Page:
In 1982, a security guard was murdered during a robbery of a south Chicago McDonald’s. Alton Logan was sentenced to life in prison for that murder. At the same time, two Chicago public defenders, Dale Coventry and Jamie Kunz, were representing Andrew Wilson, who was accused of murdering two police officers. Based on a tip, Coventry and Kunz suspected that Wilson was the actual murderer in the McDonald’s case. They questioned Wilson who admitted that he, not Logan, was the murderer. Because of their duties under the attorney-client privilege, Coventry and Kunz felt they could not reveal what they knew. Logan, therefore, went to prison an innocent man, they believed. The public defenders decided to write the story in a notarized affidavit and lock it in a box in case something should happen that would allow them to reveal what they knew. When Wilson died in prison of natural causes in 2008, Coventry and Kunz revealed their client’s confession. After 26 years, Logan was released from prison. At this writing, he is awaiting a decision by prosecutors about re-trying him for the McDonald’s murder.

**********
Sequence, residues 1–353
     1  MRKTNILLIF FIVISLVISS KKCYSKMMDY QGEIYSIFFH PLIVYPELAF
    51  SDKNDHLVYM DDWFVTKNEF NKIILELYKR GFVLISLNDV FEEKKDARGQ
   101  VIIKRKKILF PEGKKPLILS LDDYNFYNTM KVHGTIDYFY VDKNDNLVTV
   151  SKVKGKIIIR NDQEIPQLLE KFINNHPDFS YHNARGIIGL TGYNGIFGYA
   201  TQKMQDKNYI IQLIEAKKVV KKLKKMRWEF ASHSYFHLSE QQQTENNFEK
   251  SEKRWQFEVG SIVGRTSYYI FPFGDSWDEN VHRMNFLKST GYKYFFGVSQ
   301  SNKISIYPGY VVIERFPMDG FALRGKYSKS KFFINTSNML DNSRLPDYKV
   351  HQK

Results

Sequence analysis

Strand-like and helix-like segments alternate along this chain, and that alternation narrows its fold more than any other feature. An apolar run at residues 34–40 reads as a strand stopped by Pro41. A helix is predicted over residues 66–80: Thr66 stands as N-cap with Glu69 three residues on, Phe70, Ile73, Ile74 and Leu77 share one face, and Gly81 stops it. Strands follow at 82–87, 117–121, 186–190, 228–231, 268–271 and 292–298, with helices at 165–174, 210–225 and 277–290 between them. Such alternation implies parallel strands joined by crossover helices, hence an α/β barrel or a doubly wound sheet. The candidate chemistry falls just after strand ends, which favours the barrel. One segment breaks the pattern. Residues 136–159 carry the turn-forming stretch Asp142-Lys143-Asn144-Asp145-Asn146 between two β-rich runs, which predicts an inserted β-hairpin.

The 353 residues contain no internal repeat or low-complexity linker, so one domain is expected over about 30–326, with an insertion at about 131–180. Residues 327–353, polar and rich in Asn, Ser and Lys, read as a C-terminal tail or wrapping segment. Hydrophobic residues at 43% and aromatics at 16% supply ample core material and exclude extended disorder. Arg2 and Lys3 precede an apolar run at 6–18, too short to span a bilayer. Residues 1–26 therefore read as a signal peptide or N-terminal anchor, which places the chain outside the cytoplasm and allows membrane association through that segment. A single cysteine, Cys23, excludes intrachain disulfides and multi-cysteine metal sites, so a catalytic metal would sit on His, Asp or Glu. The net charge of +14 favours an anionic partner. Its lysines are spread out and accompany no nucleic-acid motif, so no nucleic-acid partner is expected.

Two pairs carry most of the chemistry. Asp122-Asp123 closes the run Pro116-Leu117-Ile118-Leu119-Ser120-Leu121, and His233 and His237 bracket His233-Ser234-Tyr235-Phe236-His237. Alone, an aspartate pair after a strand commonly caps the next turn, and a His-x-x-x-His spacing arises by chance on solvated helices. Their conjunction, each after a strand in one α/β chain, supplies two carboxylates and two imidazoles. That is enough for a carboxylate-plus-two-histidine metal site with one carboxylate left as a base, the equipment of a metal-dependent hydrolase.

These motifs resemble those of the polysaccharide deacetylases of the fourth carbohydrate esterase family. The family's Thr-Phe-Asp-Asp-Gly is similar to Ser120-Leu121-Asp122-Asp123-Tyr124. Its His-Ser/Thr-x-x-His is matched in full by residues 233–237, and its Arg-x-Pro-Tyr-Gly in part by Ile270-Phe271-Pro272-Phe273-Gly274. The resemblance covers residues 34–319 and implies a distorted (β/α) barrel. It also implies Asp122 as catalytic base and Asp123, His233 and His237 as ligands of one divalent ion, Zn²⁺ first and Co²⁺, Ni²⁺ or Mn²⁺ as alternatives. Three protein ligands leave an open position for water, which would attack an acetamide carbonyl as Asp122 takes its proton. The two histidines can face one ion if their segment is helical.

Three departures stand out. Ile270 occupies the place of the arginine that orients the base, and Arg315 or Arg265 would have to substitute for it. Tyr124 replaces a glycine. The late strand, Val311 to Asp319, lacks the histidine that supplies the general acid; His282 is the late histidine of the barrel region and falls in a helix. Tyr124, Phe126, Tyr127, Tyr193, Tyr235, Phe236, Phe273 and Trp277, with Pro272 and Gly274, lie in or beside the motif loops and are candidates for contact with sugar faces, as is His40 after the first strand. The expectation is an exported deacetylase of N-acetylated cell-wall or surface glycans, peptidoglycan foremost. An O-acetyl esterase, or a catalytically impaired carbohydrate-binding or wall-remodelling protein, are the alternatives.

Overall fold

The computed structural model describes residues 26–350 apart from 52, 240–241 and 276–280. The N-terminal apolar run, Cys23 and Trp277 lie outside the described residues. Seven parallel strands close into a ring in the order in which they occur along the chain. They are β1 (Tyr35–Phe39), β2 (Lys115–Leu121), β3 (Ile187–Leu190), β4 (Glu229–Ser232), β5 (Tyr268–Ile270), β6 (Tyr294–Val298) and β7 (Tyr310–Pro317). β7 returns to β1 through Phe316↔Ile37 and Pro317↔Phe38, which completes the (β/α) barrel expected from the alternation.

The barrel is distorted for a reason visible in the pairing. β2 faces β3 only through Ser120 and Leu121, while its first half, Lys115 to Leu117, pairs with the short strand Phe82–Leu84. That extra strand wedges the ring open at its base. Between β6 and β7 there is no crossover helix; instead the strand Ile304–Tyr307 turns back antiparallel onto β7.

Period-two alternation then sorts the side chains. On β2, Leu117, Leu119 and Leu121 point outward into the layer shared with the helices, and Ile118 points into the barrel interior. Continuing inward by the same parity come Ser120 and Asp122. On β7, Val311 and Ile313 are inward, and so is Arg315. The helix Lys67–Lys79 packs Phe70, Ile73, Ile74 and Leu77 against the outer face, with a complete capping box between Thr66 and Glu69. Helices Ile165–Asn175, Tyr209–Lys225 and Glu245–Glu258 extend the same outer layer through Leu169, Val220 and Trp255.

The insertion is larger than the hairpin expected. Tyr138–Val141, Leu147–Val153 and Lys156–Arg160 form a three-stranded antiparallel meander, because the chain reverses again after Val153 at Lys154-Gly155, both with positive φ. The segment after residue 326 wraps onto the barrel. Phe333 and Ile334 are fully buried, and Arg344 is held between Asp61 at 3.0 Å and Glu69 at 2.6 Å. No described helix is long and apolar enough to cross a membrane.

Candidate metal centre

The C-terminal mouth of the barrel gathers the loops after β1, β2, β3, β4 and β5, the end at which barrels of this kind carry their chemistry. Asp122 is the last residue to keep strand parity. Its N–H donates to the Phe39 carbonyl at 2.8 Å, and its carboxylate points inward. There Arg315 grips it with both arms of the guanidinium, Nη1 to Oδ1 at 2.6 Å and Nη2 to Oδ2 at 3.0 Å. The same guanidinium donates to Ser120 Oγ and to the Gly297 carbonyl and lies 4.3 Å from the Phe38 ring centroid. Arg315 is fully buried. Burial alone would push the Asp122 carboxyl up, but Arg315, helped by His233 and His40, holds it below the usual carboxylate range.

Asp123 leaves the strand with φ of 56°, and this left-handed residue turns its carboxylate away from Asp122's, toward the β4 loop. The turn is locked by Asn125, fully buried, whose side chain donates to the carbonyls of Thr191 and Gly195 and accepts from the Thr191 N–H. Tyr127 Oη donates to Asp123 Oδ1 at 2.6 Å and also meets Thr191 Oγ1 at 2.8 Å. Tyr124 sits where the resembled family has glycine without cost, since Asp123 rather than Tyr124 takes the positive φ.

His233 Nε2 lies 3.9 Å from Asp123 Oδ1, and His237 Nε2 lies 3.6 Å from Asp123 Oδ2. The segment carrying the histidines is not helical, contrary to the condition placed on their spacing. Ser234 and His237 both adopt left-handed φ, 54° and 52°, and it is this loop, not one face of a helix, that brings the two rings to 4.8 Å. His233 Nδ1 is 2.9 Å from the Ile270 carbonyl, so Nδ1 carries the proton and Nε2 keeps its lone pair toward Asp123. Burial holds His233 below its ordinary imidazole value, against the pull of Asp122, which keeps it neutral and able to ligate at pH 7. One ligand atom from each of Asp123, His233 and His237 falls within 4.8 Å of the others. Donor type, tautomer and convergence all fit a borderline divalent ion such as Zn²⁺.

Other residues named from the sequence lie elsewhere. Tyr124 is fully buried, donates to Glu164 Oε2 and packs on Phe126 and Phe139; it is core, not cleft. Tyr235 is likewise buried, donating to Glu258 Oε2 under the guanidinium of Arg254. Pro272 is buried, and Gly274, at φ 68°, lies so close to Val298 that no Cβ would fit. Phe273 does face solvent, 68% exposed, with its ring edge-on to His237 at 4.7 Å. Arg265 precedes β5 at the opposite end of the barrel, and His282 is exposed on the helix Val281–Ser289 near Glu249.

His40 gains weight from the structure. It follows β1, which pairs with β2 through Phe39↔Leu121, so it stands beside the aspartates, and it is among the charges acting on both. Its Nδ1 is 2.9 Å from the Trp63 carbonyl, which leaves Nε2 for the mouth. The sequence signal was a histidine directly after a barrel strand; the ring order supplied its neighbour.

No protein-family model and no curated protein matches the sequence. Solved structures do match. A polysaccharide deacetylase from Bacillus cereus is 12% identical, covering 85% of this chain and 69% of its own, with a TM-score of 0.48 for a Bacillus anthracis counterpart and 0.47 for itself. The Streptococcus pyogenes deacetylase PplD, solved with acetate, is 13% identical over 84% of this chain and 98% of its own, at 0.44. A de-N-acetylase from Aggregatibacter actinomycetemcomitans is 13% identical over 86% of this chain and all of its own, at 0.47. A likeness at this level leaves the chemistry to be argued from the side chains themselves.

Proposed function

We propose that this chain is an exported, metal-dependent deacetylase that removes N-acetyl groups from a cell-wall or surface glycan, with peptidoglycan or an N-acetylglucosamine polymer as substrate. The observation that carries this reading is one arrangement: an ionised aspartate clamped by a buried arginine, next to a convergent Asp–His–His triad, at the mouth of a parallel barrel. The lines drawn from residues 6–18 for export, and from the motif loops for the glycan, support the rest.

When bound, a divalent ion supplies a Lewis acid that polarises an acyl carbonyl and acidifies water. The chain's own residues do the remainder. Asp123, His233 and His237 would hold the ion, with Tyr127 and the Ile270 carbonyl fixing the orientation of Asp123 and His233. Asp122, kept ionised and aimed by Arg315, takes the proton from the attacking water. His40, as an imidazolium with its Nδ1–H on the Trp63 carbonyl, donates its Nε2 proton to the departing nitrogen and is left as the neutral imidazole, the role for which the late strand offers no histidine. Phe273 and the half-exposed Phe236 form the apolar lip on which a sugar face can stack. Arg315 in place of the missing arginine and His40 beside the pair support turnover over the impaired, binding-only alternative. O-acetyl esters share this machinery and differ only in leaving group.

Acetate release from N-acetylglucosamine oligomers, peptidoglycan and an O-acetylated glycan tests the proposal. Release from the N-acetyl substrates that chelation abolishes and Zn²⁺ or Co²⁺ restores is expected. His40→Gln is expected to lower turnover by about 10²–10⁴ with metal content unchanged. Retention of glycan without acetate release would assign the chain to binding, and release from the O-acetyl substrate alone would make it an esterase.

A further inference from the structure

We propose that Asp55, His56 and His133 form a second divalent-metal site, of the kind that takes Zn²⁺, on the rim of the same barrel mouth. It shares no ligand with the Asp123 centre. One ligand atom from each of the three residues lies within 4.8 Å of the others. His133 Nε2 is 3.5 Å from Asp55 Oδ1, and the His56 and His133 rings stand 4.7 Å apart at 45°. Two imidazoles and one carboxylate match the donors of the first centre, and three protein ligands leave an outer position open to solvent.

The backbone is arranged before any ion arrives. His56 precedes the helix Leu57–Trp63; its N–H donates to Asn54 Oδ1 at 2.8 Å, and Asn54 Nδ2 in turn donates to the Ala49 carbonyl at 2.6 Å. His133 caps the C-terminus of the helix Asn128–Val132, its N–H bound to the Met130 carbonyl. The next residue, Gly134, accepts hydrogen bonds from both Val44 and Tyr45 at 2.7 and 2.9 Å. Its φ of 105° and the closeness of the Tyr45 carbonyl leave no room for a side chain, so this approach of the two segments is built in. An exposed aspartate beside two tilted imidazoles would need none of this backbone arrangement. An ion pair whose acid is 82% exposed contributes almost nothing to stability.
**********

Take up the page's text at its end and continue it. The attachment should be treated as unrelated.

a. Why does the legal profession expect lawyers to keep secret their clients’ confidential communications?
b. Had you been Coventry and Kunz, would you have revealed what you knew in order to immediately secure justice for Logan? Explain.